Modulation of recurrent processing within olfactory bulb glomerular columns via granule cells, including their centrifugal glutamatergic inputs from PC and AON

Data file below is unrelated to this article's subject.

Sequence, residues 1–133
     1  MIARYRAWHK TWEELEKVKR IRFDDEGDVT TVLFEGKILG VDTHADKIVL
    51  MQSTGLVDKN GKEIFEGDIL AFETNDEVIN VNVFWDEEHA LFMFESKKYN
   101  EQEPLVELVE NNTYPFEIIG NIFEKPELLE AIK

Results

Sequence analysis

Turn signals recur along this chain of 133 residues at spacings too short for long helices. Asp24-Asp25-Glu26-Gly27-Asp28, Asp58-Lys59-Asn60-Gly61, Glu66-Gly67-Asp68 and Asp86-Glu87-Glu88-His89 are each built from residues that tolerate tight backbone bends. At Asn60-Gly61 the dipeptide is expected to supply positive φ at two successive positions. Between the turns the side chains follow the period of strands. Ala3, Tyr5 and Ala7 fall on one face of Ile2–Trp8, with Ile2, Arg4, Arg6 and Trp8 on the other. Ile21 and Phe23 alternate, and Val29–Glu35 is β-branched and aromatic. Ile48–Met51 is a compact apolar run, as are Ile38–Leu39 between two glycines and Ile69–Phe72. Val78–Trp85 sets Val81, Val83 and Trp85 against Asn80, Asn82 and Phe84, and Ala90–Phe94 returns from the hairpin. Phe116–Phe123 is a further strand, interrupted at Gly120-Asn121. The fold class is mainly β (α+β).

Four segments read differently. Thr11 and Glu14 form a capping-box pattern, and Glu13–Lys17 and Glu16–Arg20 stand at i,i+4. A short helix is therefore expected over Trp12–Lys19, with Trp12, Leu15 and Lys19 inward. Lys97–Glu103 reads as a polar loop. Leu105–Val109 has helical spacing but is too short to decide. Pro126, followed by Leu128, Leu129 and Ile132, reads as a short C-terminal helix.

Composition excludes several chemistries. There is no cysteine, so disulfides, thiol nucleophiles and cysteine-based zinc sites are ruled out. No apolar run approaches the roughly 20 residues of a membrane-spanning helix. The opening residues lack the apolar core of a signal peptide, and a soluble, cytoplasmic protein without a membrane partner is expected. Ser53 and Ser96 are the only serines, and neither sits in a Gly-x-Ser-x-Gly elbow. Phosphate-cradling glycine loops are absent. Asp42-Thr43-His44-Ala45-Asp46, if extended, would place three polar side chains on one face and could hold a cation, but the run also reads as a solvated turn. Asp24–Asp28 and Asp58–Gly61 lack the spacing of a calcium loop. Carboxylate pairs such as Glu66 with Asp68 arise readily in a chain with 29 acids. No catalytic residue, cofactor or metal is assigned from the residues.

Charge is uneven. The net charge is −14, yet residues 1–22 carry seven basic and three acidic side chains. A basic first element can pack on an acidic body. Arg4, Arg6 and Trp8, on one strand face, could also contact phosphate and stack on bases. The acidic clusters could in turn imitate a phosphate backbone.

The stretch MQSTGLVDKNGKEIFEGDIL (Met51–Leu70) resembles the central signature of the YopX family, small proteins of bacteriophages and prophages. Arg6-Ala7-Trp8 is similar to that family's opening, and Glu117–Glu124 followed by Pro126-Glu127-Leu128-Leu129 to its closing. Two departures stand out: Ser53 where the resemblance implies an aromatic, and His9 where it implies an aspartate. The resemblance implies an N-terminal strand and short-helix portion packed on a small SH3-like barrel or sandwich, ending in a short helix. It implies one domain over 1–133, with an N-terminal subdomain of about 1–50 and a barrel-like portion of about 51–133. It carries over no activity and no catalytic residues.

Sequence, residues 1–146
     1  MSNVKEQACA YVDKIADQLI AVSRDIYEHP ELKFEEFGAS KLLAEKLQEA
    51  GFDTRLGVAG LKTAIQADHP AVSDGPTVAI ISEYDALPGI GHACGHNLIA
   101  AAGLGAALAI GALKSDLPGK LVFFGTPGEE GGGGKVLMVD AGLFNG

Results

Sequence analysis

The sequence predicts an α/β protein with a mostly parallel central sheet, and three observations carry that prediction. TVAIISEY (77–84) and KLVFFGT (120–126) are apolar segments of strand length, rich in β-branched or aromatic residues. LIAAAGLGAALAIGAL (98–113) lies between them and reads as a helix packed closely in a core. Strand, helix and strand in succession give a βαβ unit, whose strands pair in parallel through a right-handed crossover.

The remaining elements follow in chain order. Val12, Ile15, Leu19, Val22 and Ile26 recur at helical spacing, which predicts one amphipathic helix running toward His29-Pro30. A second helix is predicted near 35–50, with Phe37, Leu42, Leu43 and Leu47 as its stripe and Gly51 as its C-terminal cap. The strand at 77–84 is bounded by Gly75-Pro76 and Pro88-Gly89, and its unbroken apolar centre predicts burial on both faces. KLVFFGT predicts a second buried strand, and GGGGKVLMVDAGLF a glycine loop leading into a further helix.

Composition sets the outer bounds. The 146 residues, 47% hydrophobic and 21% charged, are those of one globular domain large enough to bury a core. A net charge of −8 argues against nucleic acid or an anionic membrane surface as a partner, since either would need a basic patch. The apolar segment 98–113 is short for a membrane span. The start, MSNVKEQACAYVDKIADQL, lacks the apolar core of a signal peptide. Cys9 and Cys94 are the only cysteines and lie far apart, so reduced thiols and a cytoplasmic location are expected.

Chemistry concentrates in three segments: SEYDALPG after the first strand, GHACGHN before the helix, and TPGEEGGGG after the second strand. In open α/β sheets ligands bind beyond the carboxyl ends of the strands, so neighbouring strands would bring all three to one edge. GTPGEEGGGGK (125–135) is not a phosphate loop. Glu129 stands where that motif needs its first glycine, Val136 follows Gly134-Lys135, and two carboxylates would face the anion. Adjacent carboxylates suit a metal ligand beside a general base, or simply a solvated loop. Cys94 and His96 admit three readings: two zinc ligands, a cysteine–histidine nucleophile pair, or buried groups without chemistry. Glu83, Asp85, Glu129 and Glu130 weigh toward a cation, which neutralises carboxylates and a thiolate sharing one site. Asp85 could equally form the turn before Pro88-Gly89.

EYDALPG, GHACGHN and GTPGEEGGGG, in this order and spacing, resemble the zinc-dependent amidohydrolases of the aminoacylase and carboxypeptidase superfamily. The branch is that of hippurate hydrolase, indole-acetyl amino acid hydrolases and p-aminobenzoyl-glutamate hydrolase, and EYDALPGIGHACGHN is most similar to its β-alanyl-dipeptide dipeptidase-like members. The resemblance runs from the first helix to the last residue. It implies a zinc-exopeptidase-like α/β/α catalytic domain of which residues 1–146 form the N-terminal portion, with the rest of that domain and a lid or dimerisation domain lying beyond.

Granule cells (GCs) of the olfactory bulb (OB) play a major role in modulating the odour-evoked activity of bulbar principal neurons, the mitral and tufted cells (MTCs), via shortrange recurrent connections formed by reciprocal synapses, and are massively targeted by longrange centrifugal inputs. Previous work has shown that GCs are connected to MTCs across large portions of the OB and that GC-mediated inhibition is a key player in shaping OB activity. Also, the operational principles of GC reciprocal spines have been elucidated to a degree that allows building hypotheses on the function of this most compact recurrent microcircuit. However, there is still a substantial gap in our understanding of the role of GCs in olfactory processing – between the level of individual synapses and the bulbar network function. The general aim of this project is to delineate the logic of GC-mediated inhibition in the OB, i.e. the functional organisation of synapses onto GCs, allowing anatomical predictions as to how activated glomerular columns interact with each other as well as with different populations of centrifugal inputs, using retrograde viral labelling, large scale volume electron microscopy and synchrotron X-ray tomography. This detailed anatomical analysis will yield input distribution patterns that will then be used to stimulate GCs with multisite 3D uncaging. This approach will allow us to address the question of how local recurrent and centrifugal inputs act in concert to modulate information processing in the OB.